Osteoarthritis (OA) is a degenerative disorder of the joints and is the most common cause of
arthritis in adults. Osteoarthritis, also known as degenerative joint disease (DJD), occurs because
of “wear and tear” of the joints that is often related to increased stress on the joint or injury to the
joint. However, in many cases, OA occurs simply in relation to aging. In osteoarthritis, the
cartilage that protects the edges of our bones wears away and causes irritation of the underlying
bone. As a result, moving the joint becomes more painful. Risk factors for OA include obesity,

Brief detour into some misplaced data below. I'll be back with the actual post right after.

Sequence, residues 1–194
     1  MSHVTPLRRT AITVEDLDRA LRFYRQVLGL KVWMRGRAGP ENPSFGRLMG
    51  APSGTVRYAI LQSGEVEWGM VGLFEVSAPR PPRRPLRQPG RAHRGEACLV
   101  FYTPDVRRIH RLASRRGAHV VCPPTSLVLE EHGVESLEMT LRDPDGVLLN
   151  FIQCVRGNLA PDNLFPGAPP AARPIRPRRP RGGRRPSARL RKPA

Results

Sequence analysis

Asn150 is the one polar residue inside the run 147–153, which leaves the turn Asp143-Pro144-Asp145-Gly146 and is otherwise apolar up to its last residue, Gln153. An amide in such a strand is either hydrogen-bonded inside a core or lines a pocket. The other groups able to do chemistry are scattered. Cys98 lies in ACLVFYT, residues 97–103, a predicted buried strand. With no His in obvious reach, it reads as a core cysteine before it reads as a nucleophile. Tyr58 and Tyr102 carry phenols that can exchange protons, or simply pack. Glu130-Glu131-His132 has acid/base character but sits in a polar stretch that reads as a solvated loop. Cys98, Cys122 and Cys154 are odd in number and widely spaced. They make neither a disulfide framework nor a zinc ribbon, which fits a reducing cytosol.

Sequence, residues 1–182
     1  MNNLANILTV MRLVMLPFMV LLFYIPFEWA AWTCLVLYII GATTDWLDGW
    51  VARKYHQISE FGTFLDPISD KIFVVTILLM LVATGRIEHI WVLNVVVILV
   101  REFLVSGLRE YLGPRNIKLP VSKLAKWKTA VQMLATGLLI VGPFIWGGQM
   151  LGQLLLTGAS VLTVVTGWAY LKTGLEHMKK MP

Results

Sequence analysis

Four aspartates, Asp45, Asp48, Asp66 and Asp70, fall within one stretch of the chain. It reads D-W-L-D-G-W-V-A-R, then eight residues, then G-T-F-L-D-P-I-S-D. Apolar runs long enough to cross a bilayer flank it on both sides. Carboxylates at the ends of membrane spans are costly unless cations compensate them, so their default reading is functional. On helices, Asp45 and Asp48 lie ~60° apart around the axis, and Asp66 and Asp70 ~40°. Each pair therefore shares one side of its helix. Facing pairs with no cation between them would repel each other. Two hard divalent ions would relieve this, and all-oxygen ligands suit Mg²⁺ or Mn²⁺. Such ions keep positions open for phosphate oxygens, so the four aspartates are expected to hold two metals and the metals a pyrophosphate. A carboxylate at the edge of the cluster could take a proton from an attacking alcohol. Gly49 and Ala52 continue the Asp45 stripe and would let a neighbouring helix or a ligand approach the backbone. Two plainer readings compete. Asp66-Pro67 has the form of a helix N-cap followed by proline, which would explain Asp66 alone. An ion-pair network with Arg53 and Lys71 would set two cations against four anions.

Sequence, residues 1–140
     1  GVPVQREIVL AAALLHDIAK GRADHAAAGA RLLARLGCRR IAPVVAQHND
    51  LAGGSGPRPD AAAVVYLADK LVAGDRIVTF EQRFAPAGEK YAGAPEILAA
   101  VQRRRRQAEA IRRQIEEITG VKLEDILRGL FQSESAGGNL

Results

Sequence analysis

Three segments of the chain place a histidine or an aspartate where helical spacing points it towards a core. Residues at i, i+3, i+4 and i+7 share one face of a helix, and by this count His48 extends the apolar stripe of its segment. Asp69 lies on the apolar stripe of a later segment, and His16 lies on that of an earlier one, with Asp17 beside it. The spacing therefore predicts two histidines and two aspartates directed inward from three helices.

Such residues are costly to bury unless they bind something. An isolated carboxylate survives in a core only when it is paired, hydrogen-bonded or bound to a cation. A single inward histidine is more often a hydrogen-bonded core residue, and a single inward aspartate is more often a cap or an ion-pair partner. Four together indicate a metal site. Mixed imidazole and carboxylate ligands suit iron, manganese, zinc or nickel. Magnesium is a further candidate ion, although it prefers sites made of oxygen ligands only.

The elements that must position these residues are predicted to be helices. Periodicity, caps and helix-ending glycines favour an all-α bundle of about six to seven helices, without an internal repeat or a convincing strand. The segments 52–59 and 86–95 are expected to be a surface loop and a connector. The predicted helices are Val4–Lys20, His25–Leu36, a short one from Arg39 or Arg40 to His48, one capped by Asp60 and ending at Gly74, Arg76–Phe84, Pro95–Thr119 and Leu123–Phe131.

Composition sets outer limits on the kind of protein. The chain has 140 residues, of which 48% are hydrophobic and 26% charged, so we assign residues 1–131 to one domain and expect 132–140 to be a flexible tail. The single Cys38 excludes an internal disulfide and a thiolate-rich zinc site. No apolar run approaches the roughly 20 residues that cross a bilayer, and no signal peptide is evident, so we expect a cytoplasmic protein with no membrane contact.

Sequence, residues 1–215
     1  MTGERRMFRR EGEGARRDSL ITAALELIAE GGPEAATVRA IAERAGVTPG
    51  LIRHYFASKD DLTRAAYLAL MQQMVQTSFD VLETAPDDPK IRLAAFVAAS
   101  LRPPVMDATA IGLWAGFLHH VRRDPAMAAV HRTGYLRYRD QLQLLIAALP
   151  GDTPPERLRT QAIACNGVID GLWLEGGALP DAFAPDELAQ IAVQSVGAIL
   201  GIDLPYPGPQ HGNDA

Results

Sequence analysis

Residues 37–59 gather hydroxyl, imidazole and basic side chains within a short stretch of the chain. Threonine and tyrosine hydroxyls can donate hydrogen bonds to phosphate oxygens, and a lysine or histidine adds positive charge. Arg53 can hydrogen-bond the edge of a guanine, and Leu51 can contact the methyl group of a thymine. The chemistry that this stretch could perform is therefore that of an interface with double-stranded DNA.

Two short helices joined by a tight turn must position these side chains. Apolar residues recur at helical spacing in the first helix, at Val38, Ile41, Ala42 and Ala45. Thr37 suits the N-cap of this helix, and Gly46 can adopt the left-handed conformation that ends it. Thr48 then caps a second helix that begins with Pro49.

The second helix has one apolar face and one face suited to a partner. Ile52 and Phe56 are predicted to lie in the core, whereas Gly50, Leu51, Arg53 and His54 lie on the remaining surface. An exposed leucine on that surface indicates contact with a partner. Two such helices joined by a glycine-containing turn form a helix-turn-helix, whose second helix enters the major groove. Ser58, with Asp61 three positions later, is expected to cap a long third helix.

heredity, joint injury, and increased stress on the joint. Symptoms of OA include joint stiffness
that improves with exercise, pain that worsens with use of the joint, and possibly joint
enlargement. The knee is the most commonly affected joint in OA, but joints of the hands, feet,
hips, and spine may also be involved. Treatment is largely aimed at relieving pain associated
with OA. Initial treatments include weight loss, physical therapy and exercises, and joint braces.
Therapeutic medications include acetaminophen, NSAIDs such as ibuprofen, and topical
medicines. Patients may receive steroid or viscous injections in a single joint for temporary
relief. If these interventions are not helpful, a patient may be referred to an orthopaedic surgeon
for further management and possible surgery.